An alternative to risky surgery, thermal ablation is used to treat tumors in the liver, kidneys, and lungs. Thermal ablation uses very high temperatures to destroy a small area of cells. The high heat kills cancer cells by coagulating their proteins and destroying nearby blood vessels—in effect “cooking” them.
Radio-frequency waves, microwaves, ultrasound waves, and other forms of energy can be used to heat the area. Heat can be applied by insertion of a small applicator (such as a needle or a microwave antenna) into a cancer or by focusing acoustic/laser energy on a tumor in a touchless fashion.
Early results are promising, but thermal ablation has its challenges. Failure to ablate the entire tumor, which is particularly difficult at the edges, can result in regrowth of the residual tumor. In radiofrequency ablation (RFA), using too much heat can destroy healthy surrounding tissues. For instance, renal tissues could be accidently damaged during a liver ablation procedure conducted without effective image monitoring.
Jingfeng Jiang is developing ultrasound-based image guidance algorithms for thermal ablation to ensure a complete denaturation while sparing surrounding tissue. Jiang’s Biocomplexity and Mechanics Lab at Michigan Tech is partnering with an interdisciplinary team at the University of Wisconsin–Madison to investigate real-time ultrasonic monitoring of thermal ablation therapy. Jiang’s novel computer algorithms will monitor the tissue stiffness changes associated with thermal ablation, and these algorithms will be used for (Phase I) clinical trials in human patients at the University of Wisconsin Hospitals and Comprehensive Cancer Center.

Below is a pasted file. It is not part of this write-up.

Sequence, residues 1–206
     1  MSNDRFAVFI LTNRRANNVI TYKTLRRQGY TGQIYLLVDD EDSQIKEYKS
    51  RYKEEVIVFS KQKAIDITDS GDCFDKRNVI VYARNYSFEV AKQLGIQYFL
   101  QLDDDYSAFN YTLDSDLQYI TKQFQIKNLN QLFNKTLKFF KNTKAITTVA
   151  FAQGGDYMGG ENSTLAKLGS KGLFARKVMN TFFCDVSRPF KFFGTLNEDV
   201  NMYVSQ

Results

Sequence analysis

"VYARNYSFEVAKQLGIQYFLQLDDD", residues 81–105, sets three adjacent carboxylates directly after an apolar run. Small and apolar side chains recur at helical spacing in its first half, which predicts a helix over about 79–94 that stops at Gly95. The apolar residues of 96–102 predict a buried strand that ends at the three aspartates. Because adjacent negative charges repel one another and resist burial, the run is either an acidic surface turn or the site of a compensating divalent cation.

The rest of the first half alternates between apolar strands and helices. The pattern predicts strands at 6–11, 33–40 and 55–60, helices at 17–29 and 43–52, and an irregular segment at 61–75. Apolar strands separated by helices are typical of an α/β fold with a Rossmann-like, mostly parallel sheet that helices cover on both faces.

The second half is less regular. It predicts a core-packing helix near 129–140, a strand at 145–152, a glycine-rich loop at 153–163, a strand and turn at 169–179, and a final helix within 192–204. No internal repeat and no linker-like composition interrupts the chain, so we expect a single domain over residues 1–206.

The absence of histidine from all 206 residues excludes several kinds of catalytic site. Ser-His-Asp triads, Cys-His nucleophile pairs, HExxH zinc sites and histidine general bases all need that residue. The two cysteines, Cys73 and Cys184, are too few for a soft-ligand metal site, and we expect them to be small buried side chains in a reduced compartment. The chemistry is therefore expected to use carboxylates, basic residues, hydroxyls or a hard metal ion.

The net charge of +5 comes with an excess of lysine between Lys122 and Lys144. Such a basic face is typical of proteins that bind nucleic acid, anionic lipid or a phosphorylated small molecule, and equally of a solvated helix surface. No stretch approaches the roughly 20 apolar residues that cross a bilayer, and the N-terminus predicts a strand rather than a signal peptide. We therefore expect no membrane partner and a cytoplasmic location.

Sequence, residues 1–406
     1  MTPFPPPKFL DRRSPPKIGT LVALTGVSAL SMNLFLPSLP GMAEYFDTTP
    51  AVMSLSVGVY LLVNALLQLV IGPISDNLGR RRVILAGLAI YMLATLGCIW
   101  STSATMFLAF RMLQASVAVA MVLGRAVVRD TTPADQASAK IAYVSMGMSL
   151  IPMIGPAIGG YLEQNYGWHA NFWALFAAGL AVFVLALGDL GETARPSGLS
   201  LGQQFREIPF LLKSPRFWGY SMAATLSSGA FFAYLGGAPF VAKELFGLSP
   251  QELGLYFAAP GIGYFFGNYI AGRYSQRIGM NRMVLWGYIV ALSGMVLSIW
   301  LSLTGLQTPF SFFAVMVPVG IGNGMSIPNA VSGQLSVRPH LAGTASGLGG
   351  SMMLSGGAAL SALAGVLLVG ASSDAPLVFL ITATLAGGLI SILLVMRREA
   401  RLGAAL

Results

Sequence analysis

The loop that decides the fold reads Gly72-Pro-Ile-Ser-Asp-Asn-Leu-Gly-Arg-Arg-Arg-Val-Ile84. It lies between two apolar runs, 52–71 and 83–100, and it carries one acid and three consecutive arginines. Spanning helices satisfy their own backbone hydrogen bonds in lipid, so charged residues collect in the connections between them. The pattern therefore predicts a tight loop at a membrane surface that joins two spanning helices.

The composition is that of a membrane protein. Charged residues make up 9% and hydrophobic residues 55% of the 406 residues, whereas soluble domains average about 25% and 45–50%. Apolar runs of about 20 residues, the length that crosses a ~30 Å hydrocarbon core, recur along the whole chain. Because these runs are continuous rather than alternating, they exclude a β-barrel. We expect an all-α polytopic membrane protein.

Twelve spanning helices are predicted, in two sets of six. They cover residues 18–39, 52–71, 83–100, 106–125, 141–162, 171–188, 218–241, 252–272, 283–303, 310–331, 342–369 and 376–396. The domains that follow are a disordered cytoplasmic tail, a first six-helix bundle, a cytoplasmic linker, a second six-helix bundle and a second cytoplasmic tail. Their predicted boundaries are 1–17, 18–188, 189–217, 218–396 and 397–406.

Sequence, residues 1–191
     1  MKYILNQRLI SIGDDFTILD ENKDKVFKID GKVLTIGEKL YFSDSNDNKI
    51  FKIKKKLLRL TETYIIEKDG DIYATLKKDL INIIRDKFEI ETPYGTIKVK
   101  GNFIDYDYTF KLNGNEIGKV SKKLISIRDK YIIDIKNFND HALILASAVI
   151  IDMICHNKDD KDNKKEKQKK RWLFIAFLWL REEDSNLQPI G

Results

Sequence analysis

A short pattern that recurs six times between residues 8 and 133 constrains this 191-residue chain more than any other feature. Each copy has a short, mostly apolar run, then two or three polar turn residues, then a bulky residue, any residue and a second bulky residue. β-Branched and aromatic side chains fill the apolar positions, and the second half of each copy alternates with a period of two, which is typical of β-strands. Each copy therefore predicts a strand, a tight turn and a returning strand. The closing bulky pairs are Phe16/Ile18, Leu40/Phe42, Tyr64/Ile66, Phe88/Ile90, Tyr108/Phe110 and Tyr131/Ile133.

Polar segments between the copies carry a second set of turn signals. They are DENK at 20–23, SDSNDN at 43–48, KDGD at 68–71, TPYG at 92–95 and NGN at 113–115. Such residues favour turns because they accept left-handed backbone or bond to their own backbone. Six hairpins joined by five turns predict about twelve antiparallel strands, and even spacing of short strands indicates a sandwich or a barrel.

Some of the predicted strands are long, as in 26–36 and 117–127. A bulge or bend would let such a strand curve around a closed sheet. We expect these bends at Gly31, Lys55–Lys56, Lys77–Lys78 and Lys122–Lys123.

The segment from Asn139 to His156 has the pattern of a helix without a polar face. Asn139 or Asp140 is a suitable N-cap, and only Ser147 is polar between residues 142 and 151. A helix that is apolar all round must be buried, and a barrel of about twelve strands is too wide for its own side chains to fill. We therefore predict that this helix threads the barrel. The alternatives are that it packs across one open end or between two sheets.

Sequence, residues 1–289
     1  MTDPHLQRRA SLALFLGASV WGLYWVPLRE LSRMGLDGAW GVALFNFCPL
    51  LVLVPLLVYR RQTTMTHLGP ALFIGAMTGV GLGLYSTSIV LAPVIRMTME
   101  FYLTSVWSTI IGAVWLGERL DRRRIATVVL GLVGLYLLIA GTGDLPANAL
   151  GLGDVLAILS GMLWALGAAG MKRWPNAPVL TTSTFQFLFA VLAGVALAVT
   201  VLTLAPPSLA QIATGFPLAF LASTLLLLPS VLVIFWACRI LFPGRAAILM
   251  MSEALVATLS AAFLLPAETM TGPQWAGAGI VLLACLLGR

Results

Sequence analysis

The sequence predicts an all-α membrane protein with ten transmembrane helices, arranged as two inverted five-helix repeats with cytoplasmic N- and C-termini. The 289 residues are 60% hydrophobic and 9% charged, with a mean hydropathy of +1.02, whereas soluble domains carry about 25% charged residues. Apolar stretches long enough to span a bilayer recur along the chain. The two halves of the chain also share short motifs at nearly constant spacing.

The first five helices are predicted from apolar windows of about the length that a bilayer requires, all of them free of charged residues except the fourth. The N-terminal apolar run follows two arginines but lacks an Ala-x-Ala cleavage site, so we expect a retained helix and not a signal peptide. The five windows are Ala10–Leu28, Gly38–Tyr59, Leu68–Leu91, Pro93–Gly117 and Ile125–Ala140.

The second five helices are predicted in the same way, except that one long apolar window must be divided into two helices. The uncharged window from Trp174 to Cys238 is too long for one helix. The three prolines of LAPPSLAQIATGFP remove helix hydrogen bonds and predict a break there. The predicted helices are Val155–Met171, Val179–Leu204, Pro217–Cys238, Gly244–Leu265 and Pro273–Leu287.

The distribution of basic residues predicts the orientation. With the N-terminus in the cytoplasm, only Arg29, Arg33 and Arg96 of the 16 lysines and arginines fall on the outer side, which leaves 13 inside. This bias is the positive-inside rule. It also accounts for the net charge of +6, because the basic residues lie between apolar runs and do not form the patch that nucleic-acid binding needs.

Jiang uses ultrasound-based elastic modulus imaging (EMI) to better view thermal ablation zones. “Elastic modulus is a physics term for hardness. The elastic modulus image represents spatial (hardness) distributions of the tissue. EMI is created based on ultrasound-based measurements such as displacements. After all, the stiffer spring deforms less. Ablated tissue is stiffer,” he explains.
“Our goal is to help surgeons gain better control during the procedure. It can be difficult to accurately measure the temperature inside a tumor. Nearby tissues can be negatively affected. By monitoring temperature and tissue stiffness during treatment and adjusting heat levels accordingly, thermal ablation can be more precise and offer patients better results. The initial answer is yes. Surgeons like what they see so far.”